New Zealand's Rescue Coordination Centre had requested help in finding the beacon, which also put out a homing signal on 121.5 MHz. The RSM picked up the 406 MHz transmissions about 2 km, or 1.2 miles, from the beacon's location and then detected the homing signal some 100m, or 328 feet, away.

Published reports say the police were called in because of health and safety concerns with respect to the address to where the beacon had been traced but offered no other details. Registering a beacon that uses the emergency frequency helps the Rescue Coordination Centre find the owner's information if their device is activated. Beacons can be registered for free at beacons dot org dot nz (beacons.org.nz)


NEIL/ANCHOR: The FT8 Digital Mode Club is as rapidly growing as the popularity of the mode it celebrates - and there's a real celebration happening this month. Kevin Trotman N5PRE tells us more.

KEVIN: The fast-growing global community known as the FT8 Digital Mode Club has grown from an initial group of 100 members in its earliest days to become a collective of 10,230 members spanning 134 countries. That's something to celebrate - and that's exactly what the club is doing between the 10th and 24th of August. Members are marking the club's second anniversary with FT8 Digital Mode Club Activity Days when stations from Bahrain and Luxembourg to Guadeloupe and Lebanon will be operating with a suffix of either FTDMC or FTDM. All logs will be uploaded to Logbook of the World and eQSL. Anniversary awards will be presented at Bronze, Silver, Gold and Platinum levels - with Platinum given to radio operators who have achieved 30 QSOs with all of the commemorative stations. According to the club website, the award is available for free in digital format. For more details visit the club's website at ft8dmc dot eu (ft8dmc.eu).


NEIL/ANCHOR: World Scout Jamboree is over and thousands of youngsters are looking back on an experience of a lifetime, as we learn from Bill Stearns NE4RD.

BILL: This week in Radio Scouting, the 24th World Scout Jamboree and operations at NA1WJ came to a close. Over 45,000 Scouts from 150 countries and over 8,000 staff all departed the Summit Bechtel Reserve leaving behind a life experience that most Scouts will only have once in their Scouting career.

The team at NA1WJ was able to demonstrate amateur radio to over 3000 Scouts, making over 4000 QSOs and working over 80 countries. These contacts were made on HF, D-STAR, Echolink, and satellite. The team would like to thank all those who contacted the station and spent time talking to Scouts on the air. QSL request information is on the K2BSA website.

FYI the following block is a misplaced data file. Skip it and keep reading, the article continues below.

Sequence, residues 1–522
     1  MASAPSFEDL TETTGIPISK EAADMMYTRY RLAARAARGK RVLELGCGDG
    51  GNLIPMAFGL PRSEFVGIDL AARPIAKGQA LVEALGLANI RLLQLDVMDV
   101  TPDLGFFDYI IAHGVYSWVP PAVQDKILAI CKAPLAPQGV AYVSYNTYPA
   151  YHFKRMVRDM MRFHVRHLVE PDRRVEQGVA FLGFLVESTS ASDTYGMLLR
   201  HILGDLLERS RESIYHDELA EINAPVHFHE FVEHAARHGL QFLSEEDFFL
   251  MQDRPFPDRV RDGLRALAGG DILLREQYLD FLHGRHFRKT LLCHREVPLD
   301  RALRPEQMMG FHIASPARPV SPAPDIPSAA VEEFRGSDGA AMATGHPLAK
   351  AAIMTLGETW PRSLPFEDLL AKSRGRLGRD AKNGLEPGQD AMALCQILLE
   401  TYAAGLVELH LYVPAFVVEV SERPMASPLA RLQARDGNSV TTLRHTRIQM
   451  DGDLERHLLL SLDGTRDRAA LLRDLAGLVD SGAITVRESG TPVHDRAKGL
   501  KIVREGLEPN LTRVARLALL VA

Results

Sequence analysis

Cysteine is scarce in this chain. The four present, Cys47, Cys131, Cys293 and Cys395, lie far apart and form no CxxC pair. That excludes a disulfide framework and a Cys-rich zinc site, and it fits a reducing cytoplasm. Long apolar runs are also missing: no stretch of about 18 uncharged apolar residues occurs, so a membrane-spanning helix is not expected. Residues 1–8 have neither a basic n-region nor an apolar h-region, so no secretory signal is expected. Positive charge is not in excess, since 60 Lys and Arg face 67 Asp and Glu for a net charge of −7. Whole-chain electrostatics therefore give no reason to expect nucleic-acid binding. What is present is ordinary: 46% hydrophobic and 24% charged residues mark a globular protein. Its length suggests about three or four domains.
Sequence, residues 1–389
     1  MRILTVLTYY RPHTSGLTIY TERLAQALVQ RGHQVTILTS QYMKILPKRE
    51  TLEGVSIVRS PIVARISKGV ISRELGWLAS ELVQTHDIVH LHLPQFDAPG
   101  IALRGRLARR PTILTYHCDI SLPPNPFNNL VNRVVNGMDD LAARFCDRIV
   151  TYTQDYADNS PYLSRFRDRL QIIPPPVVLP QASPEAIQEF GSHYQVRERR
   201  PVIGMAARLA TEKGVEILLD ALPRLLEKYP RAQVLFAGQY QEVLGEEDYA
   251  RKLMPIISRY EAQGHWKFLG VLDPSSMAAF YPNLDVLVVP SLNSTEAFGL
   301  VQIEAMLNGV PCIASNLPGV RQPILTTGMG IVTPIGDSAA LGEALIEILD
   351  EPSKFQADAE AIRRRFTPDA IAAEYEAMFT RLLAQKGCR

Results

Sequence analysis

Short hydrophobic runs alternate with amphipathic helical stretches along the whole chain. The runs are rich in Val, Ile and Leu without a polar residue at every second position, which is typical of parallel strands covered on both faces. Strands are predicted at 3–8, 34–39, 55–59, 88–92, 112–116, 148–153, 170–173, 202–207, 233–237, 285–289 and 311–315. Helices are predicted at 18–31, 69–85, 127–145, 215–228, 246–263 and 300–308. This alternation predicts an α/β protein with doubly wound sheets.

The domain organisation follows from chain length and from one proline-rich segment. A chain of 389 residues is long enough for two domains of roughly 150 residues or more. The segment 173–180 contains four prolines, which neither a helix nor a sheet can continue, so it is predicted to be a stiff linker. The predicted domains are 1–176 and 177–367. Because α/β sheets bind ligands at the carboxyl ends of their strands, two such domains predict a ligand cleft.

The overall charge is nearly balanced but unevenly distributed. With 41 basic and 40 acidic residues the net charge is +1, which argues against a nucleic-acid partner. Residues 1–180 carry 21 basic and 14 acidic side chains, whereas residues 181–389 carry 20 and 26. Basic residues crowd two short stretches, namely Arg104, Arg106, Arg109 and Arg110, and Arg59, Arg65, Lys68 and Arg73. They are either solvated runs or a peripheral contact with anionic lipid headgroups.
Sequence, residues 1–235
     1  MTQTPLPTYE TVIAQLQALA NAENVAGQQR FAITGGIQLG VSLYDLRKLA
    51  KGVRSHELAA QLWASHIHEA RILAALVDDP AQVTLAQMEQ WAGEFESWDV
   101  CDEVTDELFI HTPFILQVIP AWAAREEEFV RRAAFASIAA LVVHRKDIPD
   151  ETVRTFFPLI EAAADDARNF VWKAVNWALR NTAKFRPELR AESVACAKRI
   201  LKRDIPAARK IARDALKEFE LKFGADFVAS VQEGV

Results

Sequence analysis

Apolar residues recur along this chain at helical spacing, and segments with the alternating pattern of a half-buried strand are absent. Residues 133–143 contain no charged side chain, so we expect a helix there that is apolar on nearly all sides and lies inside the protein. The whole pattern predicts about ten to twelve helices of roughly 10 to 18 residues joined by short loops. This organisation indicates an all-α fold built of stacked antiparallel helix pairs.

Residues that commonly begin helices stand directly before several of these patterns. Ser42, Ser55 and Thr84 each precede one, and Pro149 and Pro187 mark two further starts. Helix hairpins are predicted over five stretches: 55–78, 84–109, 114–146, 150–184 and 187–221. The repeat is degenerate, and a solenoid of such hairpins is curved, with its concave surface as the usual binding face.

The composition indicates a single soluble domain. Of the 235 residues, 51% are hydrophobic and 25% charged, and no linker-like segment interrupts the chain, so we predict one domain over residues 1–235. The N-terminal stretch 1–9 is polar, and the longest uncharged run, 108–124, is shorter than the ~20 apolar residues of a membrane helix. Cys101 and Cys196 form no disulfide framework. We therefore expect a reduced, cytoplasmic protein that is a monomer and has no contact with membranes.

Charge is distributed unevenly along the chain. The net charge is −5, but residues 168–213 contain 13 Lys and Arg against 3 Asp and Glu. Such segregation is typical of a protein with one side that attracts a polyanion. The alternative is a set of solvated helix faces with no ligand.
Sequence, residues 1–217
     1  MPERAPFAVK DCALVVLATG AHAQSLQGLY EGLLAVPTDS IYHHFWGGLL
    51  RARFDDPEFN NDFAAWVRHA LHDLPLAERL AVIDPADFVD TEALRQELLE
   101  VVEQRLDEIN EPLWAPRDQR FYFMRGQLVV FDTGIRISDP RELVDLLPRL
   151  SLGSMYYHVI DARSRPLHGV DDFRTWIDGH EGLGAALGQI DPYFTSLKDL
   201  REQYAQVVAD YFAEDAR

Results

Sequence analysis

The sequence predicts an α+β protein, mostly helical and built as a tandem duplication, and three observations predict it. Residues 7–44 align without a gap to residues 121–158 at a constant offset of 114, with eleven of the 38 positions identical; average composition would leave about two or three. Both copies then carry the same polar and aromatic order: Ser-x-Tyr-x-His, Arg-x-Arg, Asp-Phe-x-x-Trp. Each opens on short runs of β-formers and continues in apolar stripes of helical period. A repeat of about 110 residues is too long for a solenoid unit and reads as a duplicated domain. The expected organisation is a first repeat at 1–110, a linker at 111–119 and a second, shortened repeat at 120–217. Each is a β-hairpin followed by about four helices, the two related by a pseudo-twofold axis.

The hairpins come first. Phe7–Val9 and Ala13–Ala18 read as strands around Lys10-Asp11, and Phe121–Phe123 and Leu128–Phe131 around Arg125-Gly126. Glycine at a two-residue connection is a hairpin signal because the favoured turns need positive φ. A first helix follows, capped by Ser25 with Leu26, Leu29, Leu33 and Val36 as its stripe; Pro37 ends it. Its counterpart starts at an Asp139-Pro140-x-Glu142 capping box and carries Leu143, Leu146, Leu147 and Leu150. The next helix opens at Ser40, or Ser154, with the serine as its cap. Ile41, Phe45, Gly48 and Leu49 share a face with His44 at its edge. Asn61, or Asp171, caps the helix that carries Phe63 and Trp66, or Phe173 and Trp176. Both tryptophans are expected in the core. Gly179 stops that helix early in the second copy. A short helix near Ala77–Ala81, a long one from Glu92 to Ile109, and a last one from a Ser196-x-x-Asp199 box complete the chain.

The team launched, under the expertise of Mike Cullen K1NPT, 4 high altitude balloons with APRS payloads. The two farthest traveling balloons were NA1WJ-6 which made it to Spain before going silent, and NA1WJ-7 which made it to Tunisia before going silent.

An ARISS contact was also completed where scouts signed up for a chance to ask a question of assistant Scout master and astronaut Drew Morgan. Every selected Scout that was able to make it over to the stage, was given one to two questions to ask. Over 250 attended the event which was conducted via telebridge with ON4ISS in Belgium and executed on one of the many outdoor stages at the event.

There will be a final report forthcoming that will detail out the operation and results, and will be posted on the K2BSA website.

For more information on this and radio scouting, please visit our website at k2bsa.net.


In the world of DX, Gil, IZ2DLV, is operating as 8Q7GB from Nika Island in the Maldives until August 18th. Gil is operating holiday style on 40, 30, 20, 17 and 15 meters using CW, SSB and FT8. QSL via LoTW or ClubLog.

Operators Valdimir RV1CC and Yuri RM0F are using the call signs RV1CC/0 {zero} and RM0F/P respectively from Iturup Island beginning August 15th. They'll be on various HF bands. For QSL details visit QRZ.com.

Be listening too on the weekend of August 17th and August 18th for hams calling QRZ during International Lighthouse & Lightship weekend. Please check out ILLW dot NET on the web for additional information (illw.net).


NEIL/ANCHOR: Finally - With Bouvet Island reaffirmed as the second most wanted DXCC entity, what can hams do until it's time to listen again for DXpeditioners on a calling frequency? Here's Mike Askins KE5CXP with one idea.

MIKE: So you think you missed out on a chance for contact with the Bouvet Island DXpedition team Three Y Zero Eye (3Y0I)? Guess again.

You can now share 27 minutes and 19 seconds of adventure and radio with the team -- and while it's not quite a ragchew it is a valid contact of another sort. So many months later, they are back with a video called "The Road to Bouvet," a chronicle of their attempt earlier this year before their landing on remote island's western shore was scrapped by a monstrous storm and damage it caused to their vessel. They were only 70 nautical miles from their destination when they made the difficult decision to turn back.

Team member Mietek, SP3CMX, who made the video, cautions viewers - whether they get seasick or not - to simply "Buckle Up" and click on the video on the Rebel DX group's website. You'll be watching the DXpedition unfold just before the Atlantic Tuna's journey was scrapped.

No it won't earn you a QSL card but that's still not out of the question. The team has plans to set off once again later this year

Hopefully everyone is planning on participating in all 3 sessions, but if your schedule won’t allow please join us for 1 or 2 sessions.

It is also a great time to get your teams registered. Just follow the instructions on the CWOps web site on the CW Open drop down. https://cwops.org/cwops-tests/cw-open/